origin of consumer goods b-hub use case

Blockchain use cases series – #6 Verifiable origin for consumer goods

Many different use cases for blockchain have been tried and tested over the last years by startups, corporations and governments alike. Some of them have found real world applications but most have not made it out of a proof-of-concept phase. Building on interactions with major blockchain actors at national level, the B-hub consortium has identified a number of particularly relevant use cases throughout the different ecosystems.

Our series of blockchain use cases articles features examples that, while varying greatly in terms of sectors and usage, have in common that they are currently applicable, somewhat mature – underlying technology exists and is available on the market – and implemented.

This sixth article deals with verifiable origin for consumer goods. Producers can use blockchain-based platforms to communicate to consumers the quality and the story of their products, providing details on the entire supply chain and the existing certifications.

Description and problem statement

Consumers are increasingly demanding towards brands when it comes to delivering on promises of honest and responsible sourcing. On the other hand, brands struggle to share their efforts and investments, to connect actions to specific products, to communicate the value behind certifications and labels, and to find engaging touchpoints on the product. There is indeed a need to bridge the trust gap between producers’ efforts and consumers’ concerns.

As a consequence, detailed and trustful information on the origin, the provenance, the safety and traceability of food products or is becoming critical for their success on the market. This also stands true for quality, origin, authenticity and uniqueness of luxury products. With many controls and checks in a process that involves a wide variety of sources, the cost and time of certification is high.

Through blockchain platforms, producers have the opportunity to share with consumers the authentic products story and origin, by storing and displaying verified facts from quality to social, environmental or ethical integrity information. Blockchain allows a digitally certified information relationship between the producer and the final consumer.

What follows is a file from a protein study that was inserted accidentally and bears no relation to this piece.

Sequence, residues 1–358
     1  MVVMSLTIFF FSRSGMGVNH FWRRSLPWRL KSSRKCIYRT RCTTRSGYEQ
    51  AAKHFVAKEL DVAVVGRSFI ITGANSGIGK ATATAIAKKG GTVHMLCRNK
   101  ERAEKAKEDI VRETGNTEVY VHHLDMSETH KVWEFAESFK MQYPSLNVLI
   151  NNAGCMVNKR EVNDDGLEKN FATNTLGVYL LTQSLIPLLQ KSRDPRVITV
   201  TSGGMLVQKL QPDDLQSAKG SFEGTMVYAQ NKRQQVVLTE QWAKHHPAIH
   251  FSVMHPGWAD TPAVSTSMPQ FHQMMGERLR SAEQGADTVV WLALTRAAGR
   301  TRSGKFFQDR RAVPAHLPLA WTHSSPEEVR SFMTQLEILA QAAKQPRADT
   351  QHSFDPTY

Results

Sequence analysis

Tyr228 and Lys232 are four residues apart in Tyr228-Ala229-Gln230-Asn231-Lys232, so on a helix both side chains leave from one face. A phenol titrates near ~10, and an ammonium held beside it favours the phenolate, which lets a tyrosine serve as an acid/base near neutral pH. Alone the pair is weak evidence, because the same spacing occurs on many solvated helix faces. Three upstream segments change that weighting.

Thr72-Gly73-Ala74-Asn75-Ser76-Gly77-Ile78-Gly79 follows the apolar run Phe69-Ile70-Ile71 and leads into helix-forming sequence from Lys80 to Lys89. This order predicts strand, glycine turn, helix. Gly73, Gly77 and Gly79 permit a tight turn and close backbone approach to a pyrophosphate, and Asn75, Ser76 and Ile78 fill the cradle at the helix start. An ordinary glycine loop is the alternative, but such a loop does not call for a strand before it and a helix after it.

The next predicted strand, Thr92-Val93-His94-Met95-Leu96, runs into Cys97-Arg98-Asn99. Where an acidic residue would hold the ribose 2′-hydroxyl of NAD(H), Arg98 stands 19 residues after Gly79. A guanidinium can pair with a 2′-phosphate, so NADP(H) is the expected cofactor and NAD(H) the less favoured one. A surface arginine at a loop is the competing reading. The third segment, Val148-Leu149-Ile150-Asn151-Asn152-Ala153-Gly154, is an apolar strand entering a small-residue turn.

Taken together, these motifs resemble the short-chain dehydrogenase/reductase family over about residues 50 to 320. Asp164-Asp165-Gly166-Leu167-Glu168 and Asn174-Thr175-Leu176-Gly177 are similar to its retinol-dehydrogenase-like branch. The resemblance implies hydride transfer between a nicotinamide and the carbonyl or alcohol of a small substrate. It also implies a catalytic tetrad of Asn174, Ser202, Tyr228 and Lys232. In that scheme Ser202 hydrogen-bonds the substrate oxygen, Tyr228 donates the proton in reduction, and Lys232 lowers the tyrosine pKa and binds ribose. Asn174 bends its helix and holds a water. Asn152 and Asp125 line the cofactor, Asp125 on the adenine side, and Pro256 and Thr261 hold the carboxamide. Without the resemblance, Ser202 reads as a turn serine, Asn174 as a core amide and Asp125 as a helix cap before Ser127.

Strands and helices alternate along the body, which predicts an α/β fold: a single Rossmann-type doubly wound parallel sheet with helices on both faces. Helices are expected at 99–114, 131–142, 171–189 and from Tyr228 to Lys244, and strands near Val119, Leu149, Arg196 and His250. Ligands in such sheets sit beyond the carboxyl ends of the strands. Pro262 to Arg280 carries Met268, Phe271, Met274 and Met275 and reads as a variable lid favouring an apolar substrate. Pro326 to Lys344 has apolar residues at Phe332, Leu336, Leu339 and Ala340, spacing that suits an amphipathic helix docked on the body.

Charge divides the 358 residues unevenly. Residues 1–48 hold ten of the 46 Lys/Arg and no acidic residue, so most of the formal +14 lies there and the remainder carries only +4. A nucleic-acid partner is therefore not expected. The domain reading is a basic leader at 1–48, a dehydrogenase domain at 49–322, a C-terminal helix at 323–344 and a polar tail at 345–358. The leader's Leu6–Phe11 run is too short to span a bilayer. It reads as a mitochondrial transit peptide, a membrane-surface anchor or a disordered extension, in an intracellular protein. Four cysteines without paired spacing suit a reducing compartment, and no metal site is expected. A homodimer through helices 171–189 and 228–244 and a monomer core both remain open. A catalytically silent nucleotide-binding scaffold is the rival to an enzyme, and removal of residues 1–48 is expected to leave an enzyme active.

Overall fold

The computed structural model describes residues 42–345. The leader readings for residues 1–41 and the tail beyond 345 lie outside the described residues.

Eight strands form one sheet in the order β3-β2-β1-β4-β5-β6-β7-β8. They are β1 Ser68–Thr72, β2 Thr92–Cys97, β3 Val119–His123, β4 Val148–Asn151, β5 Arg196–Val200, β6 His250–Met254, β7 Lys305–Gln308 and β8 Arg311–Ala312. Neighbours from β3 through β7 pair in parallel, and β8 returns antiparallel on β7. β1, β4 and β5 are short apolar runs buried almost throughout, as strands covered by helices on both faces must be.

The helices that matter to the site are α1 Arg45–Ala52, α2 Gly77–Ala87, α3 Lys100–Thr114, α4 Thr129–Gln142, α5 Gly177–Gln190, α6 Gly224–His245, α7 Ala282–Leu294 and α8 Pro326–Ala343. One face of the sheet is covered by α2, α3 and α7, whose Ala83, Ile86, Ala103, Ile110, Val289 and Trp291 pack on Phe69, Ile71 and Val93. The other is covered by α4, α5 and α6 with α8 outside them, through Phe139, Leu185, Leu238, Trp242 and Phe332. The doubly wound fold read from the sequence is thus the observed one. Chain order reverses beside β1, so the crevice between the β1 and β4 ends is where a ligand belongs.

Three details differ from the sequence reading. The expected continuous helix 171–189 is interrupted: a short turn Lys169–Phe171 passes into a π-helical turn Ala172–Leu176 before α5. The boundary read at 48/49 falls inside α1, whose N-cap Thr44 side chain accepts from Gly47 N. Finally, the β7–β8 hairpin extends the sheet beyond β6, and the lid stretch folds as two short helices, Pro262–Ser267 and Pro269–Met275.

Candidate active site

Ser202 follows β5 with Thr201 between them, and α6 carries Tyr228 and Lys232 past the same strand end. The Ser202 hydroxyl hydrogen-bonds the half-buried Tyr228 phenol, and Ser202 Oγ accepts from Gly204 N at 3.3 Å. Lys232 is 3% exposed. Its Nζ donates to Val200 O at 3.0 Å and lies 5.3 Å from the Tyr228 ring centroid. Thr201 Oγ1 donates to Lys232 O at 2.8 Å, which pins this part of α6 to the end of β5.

Why is blockchain particularly relevant to address this problem?

Blockchain technology acts as an additional trust generator. It allows for product certification and guarantee of authenticity in a secure way. The blockchain-based systems enable companies to turn marketing buzzwords into true, verified and unmodifiable stories.

Blockchain can be used for brand building and customer loyalty, turning technical facts into a compelling, emotional story linked to the product, and its territory of origin, its quality, its uniqueness, instantly accessible by consumers.

The consumer, through a QR-code on the product, can dive into the aspects of interest of products on their smart device.  Blockchain also adds reliability to QR codes identification processes, that to this day still present genuine counterfeiting risks.

How does it work?

This is usually done through software-platforms that support producers in the traceability and the certification of products by using blockchain technology and smart contracts. The main technical components are a database with a register of all transactions and steps of the production and transformation process; or digital ledgers that store all authenticity process steps.

On the user side, a readable smart tag appears on the product through a QR code. As soon as the scanner reads the smart tag, the app shows a landing page with the product details. In other cases, apps allow customers to access information stored on the blockchain platform, or to monitor the production process, or even to participate in product customisation.

For agro-food products, for example, it is possible to check information on production locations, details on the types of fertilizers used to grow the crops, and how each batch is transported for processing and delivery.

What are some examples of implementation?

Numerous implementation examples exist in the agrifood and luxury sector. In Italy for example, several initiatives ensure digital traceability and certification of wine (Wine Blockchain), cheese (Formaggio Asiago), oranges (Arancia rossa di Sicilia Igp, progetto Rouge); and the authenticity of Lamborghini cars.

What are some examples of technology providers?

Examples of technologies include AgriOpenData; MyStory; Hyperledger Sawtooth. Firms EZ Lab, DNVGL, Tilkal and Connecting Food are some technology providers in this domain.

 

Want to see more blockchain use cases articles? Check out our previous articles, including Peer-to-peer consumers energy management and trading platform ; Digital platform for ecommerce payment transactions with crypto currency; as well as our country-specific perspectives on blockchain adoption.

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